Note: This tip works for Windows XP, Windows 7, Windows Server 2008 and Windows Server 2008 R2. The SpecialAccounts key may not exist by default, but if you create it as specified above it works a treat!

Additional Note: I've discovered this tip does not work in Windows Vista because Microsoft removed the "Classic Logon" functionality from this OS. You can still hide the account, but you won't be able to logon as this hidden account by pressing Ctrl-Alt-Del twice. You can, however still switch to this account using user account switching.

Thanks to Deb Shinder for the tip!

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Tuesday, March 10, 2009

How to Install Windows 7 from a USB Stick


Helmer Zandbergen is a Dutch IT pro who wrote an excellent article that explains how to how to install Windows 7 from a USB stick in 11 easy steps.

All you need is a PC with USB boot-support (any modern PC), Windows 7 installation files, and a USB stick with at least 4 GB free space.

I used this method to install Win7 on my new Asus Eee PC 1000HE netbook and it works great!

  • Plug in your USB stick
  • Open Command Prompt with admin rights (Start –> enter cmd –> press CTRL-SHIFT+ENTER and click Yes at the UAC prompt)
  • Run Diskpart by typing diskpart and press enter
  • Now type List disk (and press enter). My USB stick is Disk 2.
  • Enter the following commands, where I assume that your USB stick is also Disk 2. If your USB stick is Disk 5, just use Disk 5 instead of my Disk 2! Enter the following commands one by one, each followed by Enter:

Select Disk 2

Clean

Create Partition Primary

Select Partition 1

Active

Format FS=FAT32 (depending on the size of your USB stick this can take a moment)

Assign

Exit

  • Now copy the entire content of your Windows 7 DVD (or Windows 7 source folder, if you extracted the ISO) to the root of your USB stick.
  • Now we still have to make the USB stick bootable. Note: If you are currently running a 64-bit OS and the source (on the USB stick) is 32-bit, you can’t run the following command. Just be sure the source (on the USB stick) and the currently running OS are of the same type!
  • In the Command Prompt (which you didn’t close, I hope) type P: (the drive letter of your USB stick) followed by Enter
  • Type CD\Boot followed by Enter
  • To create a bootsector on the USB stick enter Bootsect /NT60 P: (your USB drive letter) followed by Enter.
  • Reboot your PC and change the boot order (in the BIOS) if needed, so the USB stick is first in the boot order.

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Friday, February 13, 2009

Windows 7 Problem Steps Recorder

Here's a 4-1/2 minute video by Keith Combs showing a great new feature in Windows 7, the Problem Steps Recorder, or PSR.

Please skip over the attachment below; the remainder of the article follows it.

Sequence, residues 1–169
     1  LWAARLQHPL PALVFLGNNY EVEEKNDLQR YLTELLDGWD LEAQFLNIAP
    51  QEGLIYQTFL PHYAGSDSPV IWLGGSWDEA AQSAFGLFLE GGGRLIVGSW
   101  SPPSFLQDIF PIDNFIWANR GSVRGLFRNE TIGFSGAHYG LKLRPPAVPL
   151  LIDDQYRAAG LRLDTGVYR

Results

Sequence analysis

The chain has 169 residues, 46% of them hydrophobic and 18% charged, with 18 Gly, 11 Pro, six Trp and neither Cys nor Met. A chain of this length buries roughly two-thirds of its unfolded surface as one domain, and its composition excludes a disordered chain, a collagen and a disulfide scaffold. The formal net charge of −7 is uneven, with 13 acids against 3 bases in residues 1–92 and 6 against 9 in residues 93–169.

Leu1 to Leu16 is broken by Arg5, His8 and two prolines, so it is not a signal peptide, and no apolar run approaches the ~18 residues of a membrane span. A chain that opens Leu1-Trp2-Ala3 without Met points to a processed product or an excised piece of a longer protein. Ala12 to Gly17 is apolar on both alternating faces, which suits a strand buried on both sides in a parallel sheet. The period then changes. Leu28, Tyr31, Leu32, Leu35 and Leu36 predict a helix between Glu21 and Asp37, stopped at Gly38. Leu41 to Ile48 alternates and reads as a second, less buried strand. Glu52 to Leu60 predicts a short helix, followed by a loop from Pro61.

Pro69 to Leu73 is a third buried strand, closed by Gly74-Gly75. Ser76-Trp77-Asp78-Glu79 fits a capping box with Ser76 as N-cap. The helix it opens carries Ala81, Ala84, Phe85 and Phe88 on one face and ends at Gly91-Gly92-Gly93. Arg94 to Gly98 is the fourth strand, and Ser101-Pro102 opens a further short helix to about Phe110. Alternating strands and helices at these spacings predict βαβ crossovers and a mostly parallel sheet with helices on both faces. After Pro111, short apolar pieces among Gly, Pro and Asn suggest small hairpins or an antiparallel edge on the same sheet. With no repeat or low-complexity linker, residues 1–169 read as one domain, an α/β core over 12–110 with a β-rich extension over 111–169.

PSR allows end users to record the actions they took to produce a problem.

The user enters PSR in the start menu, clicks Record, and then performs the steps to produce the problem. When the user clicks Stop Record, they can optionally enter comments and save the recording to a single ZIP file. Then they email it to the support staff.

The ZIP file contains an MHT file with screen shots and written actions that documents everything the user typed or clicked during the recording session.

This will be very useful for help desk and support staff in corporate environments, not to mention all those calls I get from my parents.

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Thursday, February 12, 2009

New Keyboard Shortcuts in Windows 7

Windows 7 beta 1 includes some handy new shortcut key combinations that allow you to navigate and manage the Windows workspace more efficiently.

Here are 10 new Windows 7 shortcuts that will help you speed up your workflow (“Win” means the Windows Key):

  • Win+Home: Clear all but the active window

  • Win+Space: All windows become transparent so you can see through to the desktop (requires the Aero interface)

  • Win+Up arrow: Maximize the active window

  • Win+Down arrow: Minimize the active window or restore the window if it's maximized

  • Win+Left/Right arrows: Dock the active window to each side of the monitor

  • Win+Shift+Left/Right arrows: If you've got dual monitors, this will move the active window to the adjacent monitor (love this one!)

  • Win+T: Shift focus to and scroll through items on the taskbar

  • Win+P: Adjust presentation settings for your display

  • Win+(+/-): Zoom in/out

  • Shift+Click a taskbar item: Open a new instance of that particular application

Thanks to Stephen Rose, the Senior Community Manager for the TechNet Springboard Series for the tips.


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Tuesday, February 10, 2009

How to Configure IPv6 Using Group Policy


By default, Windows Server 2008 R2, Windows 7, Windows Server 2008 and Windows Vista enable and use IPv6 as the default protocol. These versions of Windows will normally use IPv6 for all network communication and will step down to IPv4 as necessary.

You may decide to disable Windows IPv6 for several reasons. Perhaps your IPv4 network doesn't support it, and you want to disable unnecessary protocols. You may have also read that IPv6 breaks Outlook Anywhere on Exchange 2007 Client Access servers.